Perhaps the greatest con that consumerism ever dealt to humanity was the idea that labels were fashion items. The trend started in the eighties, a symptom of the ‘greed is good’ culture, when people wanted to show off their relative wealth through the ostentatious display of designer branding tags such as Gucci, Armani, Benetton, Levi’s and so forth. Once the marketing bods had seen how easily people were duped into the idea of becoming walking advertisements – whilst, before, someone had actually needed to be paid to wear a sandwich-board – it was but a miniscule mental leap to convince football fans (perhaps the most easily manipulated of all the herd mentalities) to walk around with the names of electronics giants and lager refineries emblazoned upon their shirts, supposedly proclaiming their allegiance to some almost completely unassociated group of millionaires who occasionally show up on a Saturday to kick a ball about.
Of course, the eighties (when Levi 501s were marketed as shrink-to-fit) gave way to the nineties and the noughties (the era of Lycra and stretch-to-fat) but, as this just meant an increase in the available advertising space on people’s clothing, it couldn’t be all bad. More labels sprang into the public eye and now one cannot move without being assailed by brand names displayed on the shapeless, bloated bodies which waddle in one’s vicinity. Marketing got even lazier, such that, rather than trying to make products into household names, names of everyday things became products: Apple, Blackberry, Orange, Mango, Bench, Diesel, Dockers, Oxygen and O2 (surely some conflict there) are just a few examples of how what used to be our language is now being pilfered by corporate identities.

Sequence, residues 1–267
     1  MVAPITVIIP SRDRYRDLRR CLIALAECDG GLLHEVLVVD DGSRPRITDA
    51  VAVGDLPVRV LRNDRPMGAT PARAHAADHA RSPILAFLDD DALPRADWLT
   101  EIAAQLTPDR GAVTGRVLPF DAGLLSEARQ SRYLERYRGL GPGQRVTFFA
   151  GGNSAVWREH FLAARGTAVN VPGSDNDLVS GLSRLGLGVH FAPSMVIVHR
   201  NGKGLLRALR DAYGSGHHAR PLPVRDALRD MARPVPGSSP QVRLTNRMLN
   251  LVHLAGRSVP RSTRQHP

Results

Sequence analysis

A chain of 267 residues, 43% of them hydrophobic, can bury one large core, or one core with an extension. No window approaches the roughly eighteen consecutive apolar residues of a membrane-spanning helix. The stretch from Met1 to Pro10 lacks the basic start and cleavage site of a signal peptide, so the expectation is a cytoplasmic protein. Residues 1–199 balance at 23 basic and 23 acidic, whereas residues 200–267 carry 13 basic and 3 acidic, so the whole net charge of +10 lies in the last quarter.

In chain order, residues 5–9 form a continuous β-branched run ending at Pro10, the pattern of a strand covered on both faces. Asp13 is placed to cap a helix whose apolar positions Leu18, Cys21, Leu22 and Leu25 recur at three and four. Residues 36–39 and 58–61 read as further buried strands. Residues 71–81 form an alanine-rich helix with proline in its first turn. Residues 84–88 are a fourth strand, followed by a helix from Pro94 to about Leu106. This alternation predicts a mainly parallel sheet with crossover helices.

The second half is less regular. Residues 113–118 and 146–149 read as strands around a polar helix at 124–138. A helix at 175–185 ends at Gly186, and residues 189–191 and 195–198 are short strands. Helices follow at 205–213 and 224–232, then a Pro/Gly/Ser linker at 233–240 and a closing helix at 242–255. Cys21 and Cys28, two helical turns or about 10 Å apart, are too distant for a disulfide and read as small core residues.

Precisely what impression of the wearer is intended to be bestowed upon the observer of these placards of manufacturer’s data isn’t quite clear, unless it’s to let us know that their clothing was made in a slightly superior sweat-shop to that of others. In fact, looking at some of the people on the streets of a Saturday, it strikes me that display of the washing instructions might have been more usefully informative. Whatever, if it is intended as a display of wealth or class then it’s actually only one step up from displaying receipts from hookers to let us know exactly who you’ve been screwed by and how much you paid for the privilege.
Meanwhile, people will tell you now not of the film that they’ve watched, the music that they’ve listened to, the book that they’ve read or the conversation that they’ve had. Not anymore, oh no. It may get a passing mention but the main information you will receive is the format through which the exchange was conducted: DVD, Blu-Ray, HD, CD, PS3, X-Box, IMAX, Kindle, mePad, mePhone – it seems that substance has been supplanted by what now passes for style and that ownership of a piece of electronics somehow equates in people’s minds to sitting on the deck of a yacht sipping a Martini. It doesn’t. You’re sitting on a sofa watching Britain’s Got Talent while your life drains away around you.
The fact that brand names have slipped so effortlessly into the language, with no sense of pretension or embarrassment at the constant bragging which it implies, is either a testimony to the subtle brilliance of the marketing gurus behind it or a damning indictment of the abject stupidity of the consumers who have surrendered their individuality and identity to corporate logos in an attempt to mask the gaping holes in their empty, malnourished souls. I’ll keep my opinion to myself on this one, though I suspect it may be somewhat apparent.
Just as an after-thought, nobody likes the well-documented human rights abuses which go on systematically in China (these are far more widespread and draconian than you might think, incidentally – shamefully so, as even the most perfunctory research reveals) but big business likes to get cheap child-labour from poverty-ridden populations and we, as shoppers, just seem to lap it up – even though the savings evidently aren’t passed on to us. That the capitalist free-market in the allegedly democratic west has all but destroyed its own economy whilst making a communist state ruled by an iron-fisted dictatorship into the second strongest economy in the world strikes me as a peculiar irony. Still, it has some classical precedent, I suppose: it might be seen as tax-fiddling while Rome burns.